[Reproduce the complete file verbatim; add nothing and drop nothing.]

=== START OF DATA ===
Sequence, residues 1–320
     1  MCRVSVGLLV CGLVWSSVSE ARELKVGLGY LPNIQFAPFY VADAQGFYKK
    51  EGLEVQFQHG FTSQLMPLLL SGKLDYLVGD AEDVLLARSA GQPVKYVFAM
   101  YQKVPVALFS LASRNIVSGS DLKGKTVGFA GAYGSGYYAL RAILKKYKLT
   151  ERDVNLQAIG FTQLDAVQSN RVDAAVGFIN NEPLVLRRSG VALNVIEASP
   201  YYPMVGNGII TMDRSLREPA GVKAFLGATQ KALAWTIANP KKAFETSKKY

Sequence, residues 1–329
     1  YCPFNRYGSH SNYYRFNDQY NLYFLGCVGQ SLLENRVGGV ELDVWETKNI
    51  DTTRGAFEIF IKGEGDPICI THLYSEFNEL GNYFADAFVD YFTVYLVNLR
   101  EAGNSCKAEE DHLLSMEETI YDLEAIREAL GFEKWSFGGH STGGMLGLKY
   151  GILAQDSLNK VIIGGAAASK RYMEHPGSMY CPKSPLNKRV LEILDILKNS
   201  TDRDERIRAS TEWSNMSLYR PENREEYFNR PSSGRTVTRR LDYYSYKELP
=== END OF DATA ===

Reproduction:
Sequence, residues 1–320
     1  MCRVSVGLLV CGLVWSSVSE ARELKVGLGY LPNIQFAPFY VADAQGFYKK
    51  EGLEVQFQHG FTSQLMPLLL SGKLDYLVGD AEDVLLARSA GQPVKYVFAM
   101  YQKVPVALFS LASRNIVSGS DLKGKTVGFA GAYGSGYYAL RAILKKYKLT
   151  ERDVNLQAIG FTQLDAVQSN RVDAAVGFIN NEPLVLRRSG VALNVIEASP
   201  YYPMVGNGII TMDRSLREPA GVKAFLGATQ KALAWTIANP KKAFETSKKY

Sequence, residues 1–329
     1  YCPFNRYGSH SNYYRFNDQY NLYFLGCVGQ SLLENRVGGV ELDVWETKNI
    51  DTTRGAFEIF IKGEGDPICI THLYSEFNEL GNYFADAFVD YFTVYLVNLR
   101  EAGNSCKAEE DHLLSMEETI YDLEAIREAL GFEKWSFGGH STGGMLGLKY
   151  GILAQDSLNK VIIGGAAASK RYMEHPGSMY CPKSPLNKRV LEILDILKNS
   201  TDRDERIRAS TEWSNMSLYR PENREEYFNR PSSGRTVTRR LDYYSYKELP